University of Cincinnati’s Top Ten Technologies for 2023

The University of Cincinnati has published a list of its “top ten” technologies for 2023. There’s some pretty interesting work on the list, and 5 of the 10 technologies have already found a licensee (exclusive, of course). That’s impressive.

But I wanted to have a look to see how many of these top 10 technologies involved a patent citing federal funding. A Patent Public Search indicates that since 2018, UC has received 126 US patents, 52 of which have a government interest statement. In the top 10 list, however, only one technology appears to be based on a patent citing government interest. And we are talking about at least 15 patents in play. For three technologies, I found only patent applications–none of which cited federal funding. There may, of course, be additional patent applications in the works that have not yet been published.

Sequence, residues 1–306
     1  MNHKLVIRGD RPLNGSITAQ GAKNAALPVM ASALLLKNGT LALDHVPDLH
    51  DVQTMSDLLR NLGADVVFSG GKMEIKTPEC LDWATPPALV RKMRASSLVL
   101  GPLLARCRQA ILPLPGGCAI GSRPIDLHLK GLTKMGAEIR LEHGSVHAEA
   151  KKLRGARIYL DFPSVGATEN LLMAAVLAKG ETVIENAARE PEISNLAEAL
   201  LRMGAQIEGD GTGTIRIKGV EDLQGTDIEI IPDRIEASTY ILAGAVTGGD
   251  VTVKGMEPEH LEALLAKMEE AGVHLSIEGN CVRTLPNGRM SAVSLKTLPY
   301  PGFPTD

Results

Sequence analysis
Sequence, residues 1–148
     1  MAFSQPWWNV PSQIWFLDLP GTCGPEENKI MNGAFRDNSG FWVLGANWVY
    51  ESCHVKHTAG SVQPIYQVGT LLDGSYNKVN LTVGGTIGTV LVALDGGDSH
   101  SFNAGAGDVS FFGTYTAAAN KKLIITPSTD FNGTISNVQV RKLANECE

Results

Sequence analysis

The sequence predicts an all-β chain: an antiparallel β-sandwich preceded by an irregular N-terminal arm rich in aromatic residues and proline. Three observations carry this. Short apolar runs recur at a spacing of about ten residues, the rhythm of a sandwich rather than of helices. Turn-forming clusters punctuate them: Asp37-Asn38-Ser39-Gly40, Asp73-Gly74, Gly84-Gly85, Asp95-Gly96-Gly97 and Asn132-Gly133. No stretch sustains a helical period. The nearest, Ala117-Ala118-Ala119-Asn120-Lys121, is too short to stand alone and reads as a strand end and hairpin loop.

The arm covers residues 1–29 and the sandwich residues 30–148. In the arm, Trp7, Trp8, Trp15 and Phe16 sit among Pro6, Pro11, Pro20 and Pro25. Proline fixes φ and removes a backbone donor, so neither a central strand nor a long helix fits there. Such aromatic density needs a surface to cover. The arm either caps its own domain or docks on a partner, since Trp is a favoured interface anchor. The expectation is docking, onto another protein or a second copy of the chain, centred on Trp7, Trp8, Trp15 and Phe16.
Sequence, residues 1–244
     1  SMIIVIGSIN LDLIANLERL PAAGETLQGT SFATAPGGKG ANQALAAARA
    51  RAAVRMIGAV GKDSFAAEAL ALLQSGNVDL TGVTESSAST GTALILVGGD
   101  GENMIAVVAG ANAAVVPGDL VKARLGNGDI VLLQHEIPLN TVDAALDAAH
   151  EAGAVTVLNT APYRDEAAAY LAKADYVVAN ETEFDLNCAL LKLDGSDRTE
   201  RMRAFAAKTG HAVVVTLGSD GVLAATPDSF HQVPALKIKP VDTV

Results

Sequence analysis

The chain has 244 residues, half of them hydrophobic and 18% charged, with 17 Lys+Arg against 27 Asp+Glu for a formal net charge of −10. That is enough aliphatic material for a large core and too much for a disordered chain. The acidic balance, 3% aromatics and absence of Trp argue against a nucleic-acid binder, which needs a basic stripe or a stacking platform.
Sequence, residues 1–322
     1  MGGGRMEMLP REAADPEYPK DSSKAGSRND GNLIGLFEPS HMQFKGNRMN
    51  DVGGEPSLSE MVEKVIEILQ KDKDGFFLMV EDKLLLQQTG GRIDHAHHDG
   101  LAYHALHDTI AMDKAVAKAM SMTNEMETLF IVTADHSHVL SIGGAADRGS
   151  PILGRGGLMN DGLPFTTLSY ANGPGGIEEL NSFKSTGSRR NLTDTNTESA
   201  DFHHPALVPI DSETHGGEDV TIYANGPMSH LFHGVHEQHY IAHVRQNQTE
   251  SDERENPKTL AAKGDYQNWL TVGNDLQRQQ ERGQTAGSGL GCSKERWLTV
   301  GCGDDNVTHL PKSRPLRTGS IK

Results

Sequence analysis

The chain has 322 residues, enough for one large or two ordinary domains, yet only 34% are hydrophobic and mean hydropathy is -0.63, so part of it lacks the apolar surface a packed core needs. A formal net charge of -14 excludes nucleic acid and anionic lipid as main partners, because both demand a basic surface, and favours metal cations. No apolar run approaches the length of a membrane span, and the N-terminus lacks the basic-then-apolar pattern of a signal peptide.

But on the face of it, only one of UC’s top ten for 2023 involves an invention made in work receiving federal funding–#5 on the list, “treatment for skin conditions.”

There it is. 41% of UC patents 2018 and later cite federal funding, but only one of these makes it into the top ten for 2023. For what it’s worth, this result is consistent with my experience–that inventions with no Bayh-Dole restrictions are easier to license. Other universities may have an entirely different experience. If you work at a university licensing office, it would be interesting to see a report of the licensing of inventions you’ve done in the past five years–how many of those licensed techs involve patents that cite federal funds?


This entry was posted in Bayh-Dole, Technology Transfer and tagged , . Bookmark the permalink.